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Esskyl14

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Reply with quote  #1 
I have a 26 inch draw my bow is 46lb at my dl 68 inches long.
Shooting gold tip trads with 100gr insert and 150gr point
Arrows bareshaft perfectly full length. Only issue is there sticking out front a good 5 inches at full draw.
Any other short drawers deal with this.
Thanks kyle
Bisch

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Reply with quote  #2 
Why would that be a problem????? If they tune great, then that is the length they need to be!

I wouldn’t call myself a short drawer, as my DL is 29”. I shoot 34” long Widowmaker Smash shafts because they tune perfectly at that length!

If you want shorter, you are going to have to go with more weight up front on your current shaft, or go to the next lighter spine in your shaft.

Bisch

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Primal Tech longbow 50#@29”
Primal Tech recurve 50#@29”
Sarrels Blueridge longbow 50#@29”
Sarrels Bobcatt TD recurve 50#@29.5"
Rob Green selfbow 47#@29”
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I hail from about 4hrs southwest of Tim King! [biggrin]
Esskyl14

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Reply with quote  #3 
Quote:
Originally Posted by Bisch
Why would that be a problem????? If they tune great, then that is the length they need to be!

Bisch

I guess that would be the only thing that matters.
They do the perfect.
thumper

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Reply with quote  #4 
I can't deal with them that long myself. Go to the next lighter spine if you want to cut them down.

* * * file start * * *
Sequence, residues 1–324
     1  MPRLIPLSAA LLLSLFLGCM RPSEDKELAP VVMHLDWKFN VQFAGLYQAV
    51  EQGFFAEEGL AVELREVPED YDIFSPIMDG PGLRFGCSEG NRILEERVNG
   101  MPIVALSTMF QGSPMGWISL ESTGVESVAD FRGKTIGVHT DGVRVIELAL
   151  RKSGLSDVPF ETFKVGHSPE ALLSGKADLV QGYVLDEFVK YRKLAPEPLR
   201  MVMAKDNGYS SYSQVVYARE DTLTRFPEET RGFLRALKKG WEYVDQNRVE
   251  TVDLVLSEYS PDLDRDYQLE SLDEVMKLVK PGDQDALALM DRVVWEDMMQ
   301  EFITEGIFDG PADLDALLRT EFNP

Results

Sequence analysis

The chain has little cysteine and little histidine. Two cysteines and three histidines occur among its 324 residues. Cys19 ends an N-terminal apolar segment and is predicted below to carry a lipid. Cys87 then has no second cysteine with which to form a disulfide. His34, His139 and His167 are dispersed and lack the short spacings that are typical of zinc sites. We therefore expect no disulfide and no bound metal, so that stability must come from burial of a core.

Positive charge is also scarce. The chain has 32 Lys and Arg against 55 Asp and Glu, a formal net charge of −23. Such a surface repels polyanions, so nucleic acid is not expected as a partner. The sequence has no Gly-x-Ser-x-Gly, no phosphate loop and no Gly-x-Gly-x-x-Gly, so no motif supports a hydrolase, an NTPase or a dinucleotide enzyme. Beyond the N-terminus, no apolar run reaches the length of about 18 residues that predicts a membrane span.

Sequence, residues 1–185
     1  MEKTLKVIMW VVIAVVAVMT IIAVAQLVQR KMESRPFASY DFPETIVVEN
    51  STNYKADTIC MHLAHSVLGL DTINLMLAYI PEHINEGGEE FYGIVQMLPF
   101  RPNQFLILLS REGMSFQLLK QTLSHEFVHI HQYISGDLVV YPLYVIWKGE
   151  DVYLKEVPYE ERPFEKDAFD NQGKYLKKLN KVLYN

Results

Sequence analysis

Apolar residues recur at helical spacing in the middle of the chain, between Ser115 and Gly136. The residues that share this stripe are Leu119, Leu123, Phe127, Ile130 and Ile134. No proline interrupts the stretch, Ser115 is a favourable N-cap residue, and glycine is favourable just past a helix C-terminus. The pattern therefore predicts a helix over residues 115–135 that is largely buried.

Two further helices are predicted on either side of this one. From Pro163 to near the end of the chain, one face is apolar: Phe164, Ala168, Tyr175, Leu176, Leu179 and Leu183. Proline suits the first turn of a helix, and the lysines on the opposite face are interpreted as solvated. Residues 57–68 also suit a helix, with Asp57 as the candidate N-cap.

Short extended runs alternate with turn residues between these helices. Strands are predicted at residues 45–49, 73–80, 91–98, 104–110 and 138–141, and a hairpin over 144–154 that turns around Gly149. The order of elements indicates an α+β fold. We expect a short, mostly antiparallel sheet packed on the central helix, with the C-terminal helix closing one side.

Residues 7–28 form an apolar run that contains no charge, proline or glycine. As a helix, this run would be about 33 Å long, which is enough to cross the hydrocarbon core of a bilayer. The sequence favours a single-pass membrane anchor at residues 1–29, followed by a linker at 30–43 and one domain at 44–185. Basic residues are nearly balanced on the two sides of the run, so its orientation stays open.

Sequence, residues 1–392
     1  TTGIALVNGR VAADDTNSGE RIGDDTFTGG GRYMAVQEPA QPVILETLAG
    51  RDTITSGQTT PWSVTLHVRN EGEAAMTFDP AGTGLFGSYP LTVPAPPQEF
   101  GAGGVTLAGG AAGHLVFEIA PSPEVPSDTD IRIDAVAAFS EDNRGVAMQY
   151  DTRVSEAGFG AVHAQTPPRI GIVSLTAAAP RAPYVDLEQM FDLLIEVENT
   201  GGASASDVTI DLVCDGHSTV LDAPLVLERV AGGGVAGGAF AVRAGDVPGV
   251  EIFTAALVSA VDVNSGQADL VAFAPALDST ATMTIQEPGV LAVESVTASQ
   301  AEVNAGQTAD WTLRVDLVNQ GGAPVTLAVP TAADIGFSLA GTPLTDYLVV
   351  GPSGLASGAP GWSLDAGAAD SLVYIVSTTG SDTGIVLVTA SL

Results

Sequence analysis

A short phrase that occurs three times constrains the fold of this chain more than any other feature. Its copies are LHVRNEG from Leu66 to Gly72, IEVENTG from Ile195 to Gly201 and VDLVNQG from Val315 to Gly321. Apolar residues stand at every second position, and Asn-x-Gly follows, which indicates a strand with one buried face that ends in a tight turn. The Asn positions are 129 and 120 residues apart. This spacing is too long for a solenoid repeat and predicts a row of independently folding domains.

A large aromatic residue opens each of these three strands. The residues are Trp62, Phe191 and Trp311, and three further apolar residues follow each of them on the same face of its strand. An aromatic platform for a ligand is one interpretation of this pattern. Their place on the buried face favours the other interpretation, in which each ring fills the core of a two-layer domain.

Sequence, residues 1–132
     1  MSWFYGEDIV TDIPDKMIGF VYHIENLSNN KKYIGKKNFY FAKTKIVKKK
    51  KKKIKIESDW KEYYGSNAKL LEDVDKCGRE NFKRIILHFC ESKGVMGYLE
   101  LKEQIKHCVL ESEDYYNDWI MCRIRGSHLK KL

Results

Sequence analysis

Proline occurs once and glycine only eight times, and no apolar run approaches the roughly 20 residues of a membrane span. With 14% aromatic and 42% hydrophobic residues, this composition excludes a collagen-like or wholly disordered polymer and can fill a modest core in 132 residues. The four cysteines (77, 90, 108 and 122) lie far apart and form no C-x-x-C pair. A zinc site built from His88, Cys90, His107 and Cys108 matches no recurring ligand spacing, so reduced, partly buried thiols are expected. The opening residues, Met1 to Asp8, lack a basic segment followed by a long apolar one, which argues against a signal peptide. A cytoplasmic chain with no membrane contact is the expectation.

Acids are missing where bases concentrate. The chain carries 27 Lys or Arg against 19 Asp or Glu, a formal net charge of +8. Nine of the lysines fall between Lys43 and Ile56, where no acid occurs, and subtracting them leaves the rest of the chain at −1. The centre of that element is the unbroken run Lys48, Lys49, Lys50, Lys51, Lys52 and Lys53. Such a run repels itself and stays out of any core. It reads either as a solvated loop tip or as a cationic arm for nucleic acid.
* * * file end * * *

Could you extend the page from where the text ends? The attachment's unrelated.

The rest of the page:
Or better yet, switch to aluminum or wood. You can cut them short, and still run a sensible point weight and they have the weight built in.

But if the length doesn't bother you, you're good to go.
Esskyl14

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Reply with quote  #5 
Quote:
Originally Posted by thumper
I can't deal with them that long myself. Go to the next lighter spine if you want to cut them down.

Or better yet, switch to aluminum or wood. You can cut them short, and still run a sensible point weight and they have the weight built in.

But if the length doesn't bother you, you're good to go.


I only care that they hit where I look really I just dont like the look of it.
Total arrow weight now is around 530.
I'd have to drop to 600 spine
chuckc

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Reply with quote  #6 
To me there are only a few reasons why long arrows suck. When, in the bow quiver, they stick so far down they touch the ground before the bow tip; when, in the back quiver they catch on all the branches that you are walking under; when in a blind, they stick out the window while at full draw.
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ChuckC

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I did too !

Madison, Wisconsin.   Public land hunter
Esskyl14

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Reply with quote  #7 
Quote:
Originally Posted by chuckc
To me there are only a few reasons why long arrows suck. When, in the bow quiver, they stick so far down they touch the ground before the bow tip; when, in the back quiver they catch on all the branches that you are walking under; when in a blind, they stick out the window while at full draw.